Rebecca Ching didn’t think she wanted children, until she realised she could build a different kind of family than the one she’d known when she was little. But creating a family came at a cost: Rebecca’s body told her in no uncertain terms that her previously work-focused life had to change dramatically for her to be the business owner, partner and mother she wanted to be.
A few years into parenting and after the birth of their son, Rebecca and her husband learned that their daughter was on the autism spectrum. In that moment, everything shifted again towards finding the best support for their sweet girl and for themselves. It was a bumpy road of shifting relationships, grieving lost friendships and reassessing of every aspect of their lives. But it was made smoother by their absolute conviction that they, and no one else, knew best what their daughter needed.
They became super intentional about the way they were spending their time, with whom and how they were going to lead their family. There were years of intense loneliness as they felt around to find the people who supported them the way they needed to be helped (and not how other people told them they should want), and found ways of showing up fully in difficult moments with their daughter.
Working with Brené Brown’s research on shame and becoming trained in The Daring Way was key to Rebecca developing shame resilience and being able to navigate the excruciating situations she’d often find herself in.
In this conversation that could have gone on for days, Rebecca and I talk about the insidiousness of comparative suffering, the lies shame tells us to keep us safe, and how deepening isolation makes we mamas so vulnerable. We touch on the tendency so many of us have to numb the tough feelings through service, through being there all the time for others, until we can’t maintain it anymore.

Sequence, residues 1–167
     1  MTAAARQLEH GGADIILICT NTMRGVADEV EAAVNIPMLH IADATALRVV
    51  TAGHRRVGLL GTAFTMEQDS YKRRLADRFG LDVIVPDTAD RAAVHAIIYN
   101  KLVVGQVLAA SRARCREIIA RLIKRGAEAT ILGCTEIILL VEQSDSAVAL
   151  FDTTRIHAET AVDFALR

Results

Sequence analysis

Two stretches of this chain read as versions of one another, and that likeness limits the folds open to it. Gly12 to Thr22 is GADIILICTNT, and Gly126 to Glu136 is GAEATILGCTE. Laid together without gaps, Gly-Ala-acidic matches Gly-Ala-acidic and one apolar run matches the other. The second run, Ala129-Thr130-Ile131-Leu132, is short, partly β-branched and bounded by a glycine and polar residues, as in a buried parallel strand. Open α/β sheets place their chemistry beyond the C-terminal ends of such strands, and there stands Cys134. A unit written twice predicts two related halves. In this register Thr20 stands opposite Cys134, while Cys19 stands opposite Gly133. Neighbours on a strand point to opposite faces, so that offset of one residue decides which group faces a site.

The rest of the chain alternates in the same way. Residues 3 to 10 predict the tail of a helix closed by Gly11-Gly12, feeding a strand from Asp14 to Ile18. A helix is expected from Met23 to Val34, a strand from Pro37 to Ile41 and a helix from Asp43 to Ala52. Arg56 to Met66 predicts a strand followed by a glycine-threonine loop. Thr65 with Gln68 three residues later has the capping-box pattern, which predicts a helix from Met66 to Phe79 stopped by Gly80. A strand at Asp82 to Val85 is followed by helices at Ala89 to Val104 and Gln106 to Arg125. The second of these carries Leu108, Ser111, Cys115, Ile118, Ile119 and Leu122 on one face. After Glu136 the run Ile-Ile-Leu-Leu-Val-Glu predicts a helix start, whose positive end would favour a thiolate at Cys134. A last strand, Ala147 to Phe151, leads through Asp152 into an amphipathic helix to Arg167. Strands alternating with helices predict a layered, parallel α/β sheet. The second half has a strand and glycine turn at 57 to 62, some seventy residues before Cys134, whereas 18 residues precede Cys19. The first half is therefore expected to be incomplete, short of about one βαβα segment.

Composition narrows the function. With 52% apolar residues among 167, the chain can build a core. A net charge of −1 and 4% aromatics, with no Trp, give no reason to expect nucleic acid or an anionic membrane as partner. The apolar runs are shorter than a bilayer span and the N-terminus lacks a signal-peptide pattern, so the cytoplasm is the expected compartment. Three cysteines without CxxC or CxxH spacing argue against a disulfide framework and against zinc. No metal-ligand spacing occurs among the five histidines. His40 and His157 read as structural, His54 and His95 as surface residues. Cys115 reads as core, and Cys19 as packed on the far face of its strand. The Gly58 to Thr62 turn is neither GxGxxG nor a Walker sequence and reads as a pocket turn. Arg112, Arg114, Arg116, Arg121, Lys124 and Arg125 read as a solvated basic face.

Rebecca explains how shame, trauma and grief are all intertwined, and how there’s no way to avoid the loneliness of our path as humans learning how to be on this planet. When she talked about the thousand little traumas we all live on a daily basis, I could feel it in my body. The tiny misunderstandings, the glancing blows, the disappointments. They combine to create wounds all over our hearts and souls, and eventually our bodies will scream for us to stop.
The invitation to rethink how we’re doing life, and to face into shame and the feelings associated with it, is a precious one. Rethink who and what is in your life. How you fill your days. Where you’re going and whom you’re going there with. Really. Because streamlining your life might prevent a bigger breakdown.
When you’ve listened to this episode, go to our Virtual Village to tell us what you thought. I’d love to talk to you about this episode, your experience as an (expat) mama and how shame and isolation have played a part in your life.
To learn more about Rebecca and her work, or steep in some of her wisdom, look for her here:
Different books Rebecca mentions:
Brené Brown: Braving the Wilderness
The Body Keeps the Score: Dr Bessel van der Kolk
Brené Brown: Rising Strong
Brené Brown: Daring Greatly
Here are the podcast episodes I mention during our conversation:
Talking to my daughter: https://www.mamafuel.me/blog/ep038
Glyniss Trinder on running away to find herself: https://www.mamafuel.me/blog/ep036-glyniss-trinder
Julie Liebermann-Neale on living her E.P.I.C. life: https://www.mamafuel.me/blog/ep035-julie-neale
Leslie Potter on radical self-forgiveness: https://www.mamafuel.me/blog/ep007-leslie-potter